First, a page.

Media relieved after thing explodes during slow news week

Today’s train derailment in Baltimore has provided the media with a much needed news item to help remind people that they are never safe from anything.

Today’s train derailment in Baltimore has provided the media with a much needed news item to help remind people that they are never safe from anything.

The world’s western news media are feeling pretty good this morning after the derailment and subsequent explosion of a train in the U.S. state of Maryland.

The train, which crashed into a garbage truck in an eastern suburb of Baltimore, caused an enormous explosion that damaged houses, collapsed buildings and excited reporters dispatched to the scene.

“I was just watching the train come along outside my window there and then it just went boom,” said Baltimore resident Dale Watson.

“Big boom,” he added.

One News U.S. correspondent Jack Tame was at the scene, and described it as “pretty cool.”

“What appears to have happened here is we’ve had some kind of a train derailment,” he said. “Actually fairly common occurrence throughout the world, but what makes this different is we’ve had a big kaboom that’s just made everything go fire and stuff.”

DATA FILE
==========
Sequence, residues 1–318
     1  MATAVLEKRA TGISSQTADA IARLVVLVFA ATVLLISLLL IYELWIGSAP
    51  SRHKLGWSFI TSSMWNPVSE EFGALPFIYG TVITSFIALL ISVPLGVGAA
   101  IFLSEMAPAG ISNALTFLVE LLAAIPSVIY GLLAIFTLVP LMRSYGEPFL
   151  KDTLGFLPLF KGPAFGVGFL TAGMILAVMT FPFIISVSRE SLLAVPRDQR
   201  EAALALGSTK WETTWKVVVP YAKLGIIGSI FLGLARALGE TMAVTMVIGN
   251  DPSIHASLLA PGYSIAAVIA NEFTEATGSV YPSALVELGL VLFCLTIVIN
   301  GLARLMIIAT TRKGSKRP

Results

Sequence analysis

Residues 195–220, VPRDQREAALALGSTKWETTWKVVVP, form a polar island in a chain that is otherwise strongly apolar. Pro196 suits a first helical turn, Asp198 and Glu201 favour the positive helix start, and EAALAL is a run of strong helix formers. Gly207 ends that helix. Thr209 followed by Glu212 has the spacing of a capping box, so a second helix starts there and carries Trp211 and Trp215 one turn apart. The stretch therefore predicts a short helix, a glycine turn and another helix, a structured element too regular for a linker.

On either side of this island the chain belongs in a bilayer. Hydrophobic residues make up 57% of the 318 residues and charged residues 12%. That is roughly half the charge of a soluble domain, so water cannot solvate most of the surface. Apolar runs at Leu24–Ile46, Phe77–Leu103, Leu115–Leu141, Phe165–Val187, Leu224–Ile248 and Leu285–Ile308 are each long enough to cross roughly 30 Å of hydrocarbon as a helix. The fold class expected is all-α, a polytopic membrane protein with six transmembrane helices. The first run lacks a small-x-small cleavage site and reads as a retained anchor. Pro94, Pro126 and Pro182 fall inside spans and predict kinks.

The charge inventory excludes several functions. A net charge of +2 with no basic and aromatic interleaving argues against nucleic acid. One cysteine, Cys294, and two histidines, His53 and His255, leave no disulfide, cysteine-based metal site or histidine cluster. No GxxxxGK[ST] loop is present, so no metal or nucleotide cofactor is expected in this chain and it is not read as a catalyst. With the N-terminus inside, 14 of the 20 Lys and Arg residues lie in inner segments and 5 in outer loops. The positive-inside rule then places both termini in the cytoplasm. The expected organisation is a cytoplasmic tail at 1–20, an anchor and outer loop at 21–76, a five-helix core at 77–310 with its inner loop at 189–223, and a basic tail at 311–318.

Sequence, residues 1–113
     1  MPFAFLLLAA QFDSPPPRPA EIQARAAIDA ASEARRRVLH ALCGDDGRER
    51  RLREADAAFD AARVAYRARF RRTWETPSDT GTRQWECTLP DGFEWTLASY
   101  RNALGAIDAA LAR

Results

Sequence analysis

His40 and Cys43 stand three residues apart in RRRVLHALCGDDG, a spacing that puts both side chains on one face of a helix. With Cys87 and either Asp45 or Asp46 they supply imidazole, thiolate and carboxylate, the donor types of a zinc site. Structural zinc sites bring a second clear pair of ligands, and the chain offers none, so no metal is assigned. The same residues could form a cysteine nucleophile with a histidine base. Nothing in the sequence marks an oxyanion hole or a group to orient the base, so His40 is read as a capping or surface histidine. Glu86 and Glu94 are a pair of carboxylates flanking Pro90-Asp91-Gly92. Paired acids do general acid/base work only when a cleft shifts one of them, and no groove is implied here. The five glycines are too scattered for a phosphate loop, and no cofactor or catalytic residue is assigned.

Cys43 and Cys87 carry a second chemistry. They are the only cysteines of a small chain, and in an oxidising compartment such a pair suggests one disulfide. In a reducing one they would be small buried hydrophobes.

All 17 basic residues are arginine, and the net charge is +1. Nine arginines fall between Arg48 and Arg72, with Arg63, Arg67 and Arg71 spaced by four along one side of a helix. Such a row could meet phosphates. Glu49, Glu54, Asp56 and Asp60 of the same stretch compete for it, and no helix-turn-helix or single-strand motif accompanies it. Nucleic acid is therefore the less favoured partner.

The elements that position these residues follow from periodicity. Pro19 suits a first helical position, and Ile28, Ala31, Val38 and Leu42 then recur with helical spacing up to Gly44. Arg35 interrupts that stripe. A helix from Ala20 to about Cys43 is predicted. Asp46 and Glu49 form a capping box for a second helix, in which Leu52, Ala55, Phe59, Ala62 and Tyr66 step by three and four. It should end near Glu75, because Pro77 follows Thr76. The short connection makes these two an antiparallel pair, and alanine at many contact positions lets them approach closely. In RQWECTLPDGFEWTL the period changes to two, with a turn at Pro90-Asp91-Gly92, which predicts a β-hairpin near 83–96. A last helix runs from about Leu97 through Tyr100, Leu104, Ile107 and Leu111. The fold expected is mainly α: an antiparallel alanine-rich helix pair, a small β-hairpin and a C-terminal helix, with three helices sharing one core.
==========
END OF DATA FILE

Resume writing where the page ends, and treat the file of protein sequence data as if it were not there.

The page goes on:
Residents who witnessed the crash said they would never get on a train again, because they were pretty sure that if they did, “this sort of thing would happen.”

Tame said he had been busy helping those residents to reinforce their fear through disproportionate media coverage of the incident.

“We just want people to understand that they ride trains every day,” he said, “or maybe some of them even drive garbage trucks, and even though no one was injured here, that could’ve been them.”

Tame was later seen interviewing a man near the site of the accident.

“Do you think trains are safe?” Tame asked him.

The man went silent for a moment, before looking over his shoulder to the smoldering wreckage of train cars and buildings behind him.

“No, I don’t think they are,” he said.